According to an account by Walter Linnemeyer (who was about six years old at the time), local authorities discovered that Kariger was selling bootlegged whiskey out of the back of his tent at the state fair, and confiscated both the whiskey and the fossils. Although this makes for an exciting story, Vertebrate Paleontology Collections Manager George Corner confirms that the skeleton “was not confiscated by the Museum or anyone else and then given to the Museum.” In fact, documents in the museum archives confirm that Barbour paid Kariger $250 for the fossils, and that the entirely amicable transfer occurred at the fair in 1922. Since no other documentation about Kariger being involved in illicit sales has surfaced, we must assume that the story is, as Corner puts it, “a product of the times.” Prohibition was the law of the land in 1922, and rumors about sources of illegal liquor must have been common. One might also speculate that anti-government sentiments in rural communities may have played a role in the myth-making.

Barbour poses with Archie’s legs in 1925. Source

Another reason to discount the notion that Kariger’s fossils were seized is that he and Barbour maintained a friendly relationship for years afterward. In December 1922, Kariger wrote to Barbour to inform him that he had found one of the missing tusks, but that he had damaged it while removing it from the ground (it didn’t help that his pigs had chewed on it a bit). Barbour once again asked that Kariger leave any further finds buried, reminding him that the museum would pay more for undamaged fossils. Barbour and his student William Hall made the two-day journey to Kariger’s farm the following June. They stayed with the Kariger family for five nights, paying them for room and board, as well as the services of a draft team. Even after resorting to dynamite to blast away the rest of the hill, Barbour went back to Lincoln empty handed. Still, both he and the Karigers enjoyed the experience, and they fondly reminisced about the trip in subsequent letters.

Barbour initially published the Kariger mammoth as a new species, Elephas maibeni, after museum donor Hector Maiben. Osborn’s monograph on proboscidian evolution, posthumously published in 1936, redescribed it as Archidiskodon imperator (hence “Archie”). Archidiskodon has since been folded into Mammuthus columbi, or the columbian mammoth, a species which ranged throughout the western United States and Central America.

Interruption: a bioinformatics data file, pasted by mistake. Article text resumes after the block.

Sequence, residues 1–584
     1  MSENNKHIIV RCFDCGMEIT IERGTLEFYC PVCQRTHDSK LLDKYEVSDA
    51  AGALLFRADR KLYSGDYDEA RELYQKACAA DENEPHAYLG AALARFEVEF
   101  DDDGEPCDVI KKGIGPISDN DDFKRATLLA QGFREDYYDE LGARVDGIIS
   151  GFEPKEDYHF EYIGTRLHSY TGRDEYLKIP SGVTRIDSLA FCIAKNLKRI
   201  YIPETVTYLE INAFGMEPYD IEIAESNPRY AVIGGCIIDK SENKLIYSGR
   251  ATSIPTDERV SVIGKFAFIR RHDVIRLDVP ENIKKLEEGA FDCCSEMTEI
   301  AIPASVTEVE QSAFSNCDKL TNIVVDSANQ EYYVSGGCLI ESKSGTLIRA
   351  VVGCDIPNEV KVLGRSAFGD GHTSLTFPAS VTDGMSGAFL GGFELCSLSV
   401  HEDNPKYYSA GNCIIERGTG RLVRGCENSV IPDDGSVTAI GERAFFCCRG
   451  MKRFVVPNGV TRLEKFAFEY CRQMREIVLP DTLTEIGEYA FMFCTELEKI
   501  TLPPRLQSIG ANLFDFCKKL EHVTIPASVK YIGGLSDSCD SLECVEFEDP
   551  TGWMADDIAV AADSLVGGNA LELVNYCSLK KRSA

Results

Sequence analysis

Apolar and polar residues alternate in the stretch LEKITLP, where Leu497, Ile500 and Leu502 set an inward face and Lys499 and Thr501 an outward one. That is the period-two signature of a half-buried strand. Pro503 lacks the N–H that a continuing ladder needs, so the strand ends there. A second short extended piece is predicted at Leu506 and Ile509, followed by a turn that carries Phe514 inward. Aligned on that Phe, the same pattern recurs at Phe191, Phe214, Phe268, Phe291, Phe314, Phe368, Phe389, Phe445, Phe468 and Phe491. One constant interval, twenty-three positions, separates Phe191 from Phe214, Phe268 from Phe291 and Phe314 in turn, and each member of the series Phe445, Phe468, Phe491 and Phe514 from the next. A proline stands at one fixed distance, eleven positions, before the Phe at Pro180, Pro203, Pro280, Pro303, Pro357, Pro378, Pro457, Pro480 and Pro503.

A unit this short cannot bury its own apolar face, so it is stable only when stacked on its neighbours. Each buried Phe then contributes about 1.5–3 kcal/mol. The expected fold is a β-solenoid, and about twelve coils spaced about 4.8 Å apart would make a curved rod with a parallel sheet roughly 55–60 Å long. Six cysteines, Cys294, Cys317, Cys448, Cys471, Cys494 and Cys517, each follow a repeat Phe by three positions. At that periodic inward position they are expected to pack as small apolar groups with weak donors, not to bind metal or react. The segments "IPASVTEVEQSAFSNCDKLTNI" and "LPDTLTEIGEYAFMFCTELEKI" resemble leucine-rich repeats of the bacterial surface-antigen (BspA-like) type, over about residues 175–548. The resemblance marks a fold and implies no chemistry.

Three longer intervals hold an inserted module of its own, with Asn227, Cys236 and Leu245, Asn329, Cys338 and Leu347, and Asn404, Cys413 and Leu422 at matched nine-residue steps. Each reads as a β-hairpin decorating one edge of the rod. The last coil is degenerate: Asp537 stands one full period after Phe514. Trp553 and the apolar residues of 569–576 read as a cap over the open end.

Barbour oversees his impeccably-dressed staff as they mount Archie’s skeleton. Source

When the University of Nebraska State Museum acquired Archie in 1922, space was severely limited. Collections were already stuffed into attics, cellars, and even the steam tunnels between university buildings. Nevertheless, Barbour ensured that at least part of the record-sized mammoth was on display. In 1925, he mounted the forelimbs and part of the torso, forming an archway at the museum’s entrance. A new, larger museum building funded by donor Charles Morrill was completed two years later, and the Kariger mammoth was immediately a candidate for display as a complete mounted skeleton. Barbour sent preparator Henry Reider out that summer to collect isolated mammoth bones that could fill in Archie’s incomplete legs. Soon work on the full mount was underway, with contributions from Reider, Eugene Vanderpool, Frank Bell, and others. The 14-foot tall, 25-foot long mount took years to construct, but was finally completed in the spring of 1933.

Even before Archie was complete, it was clear that the new museum’s central hall would be a showcase for fossil elephants. The lineup of mounted skeletons, which has not changed significantly since the mid-20th century, includes two columbian mammoths, an American mastodon, Stegomastodon, Gomphotherium, Amebelodon, Eubelodon, a pygmy mammoth, and contemporary African and Asian elephants. Elizabeth Dolan provided two parallel background murals which depict elephants around a forested watering hole in an impressionistic style. Today, a contemporary mammoth mural by Mark Marcuson adorns the far wall.

The spectacular elephant hall (Archie is along the left wall, blocked by the taxidermy elephants from this angle). Source

84 years after it was first assembled, the skeleton of Archie the mammoth is a Nebraska icon. Indeed, this mount and the hall it resides in have become a time capsule, a landmark to return to again and again for generations of visitors. Nevertheless, even the most beloved icons are not completely safe. The Nebraska state legislature has repeatedly hit the State Museum with budget cuts, including an astonishing 50% cut in 2003 accompanied by the dismissal of several tenured curators. Thanks to inspired leadership by Director Priscilla Grew, the museum re-earned its accreditation in 2009 and became a Smithsonian Affiliate in 2014. Still, the series of events is a sobering reminder that while museums exist as a public service, they are also dependent on public support. Funding museums must be a top priority if we want legendary displays like Archie to be on exhibit for generations to come.

Many thanks to George Corner for answering my questions about Kariger’s mammoth. Any factual errors are my own.

References